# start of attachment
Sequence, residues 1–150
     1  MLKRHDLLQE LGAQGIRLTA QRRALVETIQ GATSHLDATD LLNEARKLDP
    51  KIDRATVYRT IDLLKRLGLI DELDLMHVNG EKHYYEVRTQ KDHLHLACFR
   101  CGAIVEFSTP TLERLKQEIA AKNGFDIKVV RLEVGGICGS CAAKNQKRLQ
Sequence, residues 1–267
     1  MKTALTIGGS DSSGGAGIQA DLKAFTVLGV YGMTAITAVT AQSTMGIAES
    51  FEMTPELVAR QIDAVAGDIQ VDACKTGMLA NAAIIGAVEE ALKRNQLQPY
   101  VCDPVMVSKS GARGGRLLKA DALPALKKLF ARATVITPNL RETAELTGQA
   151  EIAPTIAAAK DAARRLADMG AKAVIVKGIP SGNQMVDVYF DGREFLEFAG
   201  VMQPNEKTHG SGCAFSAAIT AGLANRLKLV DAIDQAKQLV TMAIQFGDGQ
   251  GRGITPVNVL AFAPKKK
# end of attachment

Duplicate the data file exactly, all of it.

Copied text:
Sequence, residues 1–150
     1  MLKRHDLLQE LGAQGIRLTA QRRALVETIQ GATSHLDATD LLNEARKLDP
    51  KIDRATVYRT IDLLKRLGLI DELDLMHVNG EKHYYEVRTQ KDHLHLACFR
   101  CGAIVEFSTP TLERLKQEIA AKNGFDIKVV RLEVGGICGS CAAKNQKRLQ
Sequence, residues 1–267
     1  MKTALTIGGS DSSGGAGIQA DLKAFTVLGV YGMTAITAVT AQSTMGIAES
    51  FEMTPELVAR QIDAVAGDIQ VDACKTGMLA NAAIIGAVEE ALKRNQLQPY
   101  VCDPVMVSKS GARGGRLLKA DALPALKKLF ARATVITPNL RETAELTGQA
   151  EIAPTIAAAK DAARRLADMG AKAVIVKGIP SGNQMVDVYF DGREFLEFAG
   201  VMQPNEKTHG SGCAFSAAIT AGLANRLKLV DAIDQAKQLV TMAIQFGDGQ
   251  GRGITPVNVL AFAPKKK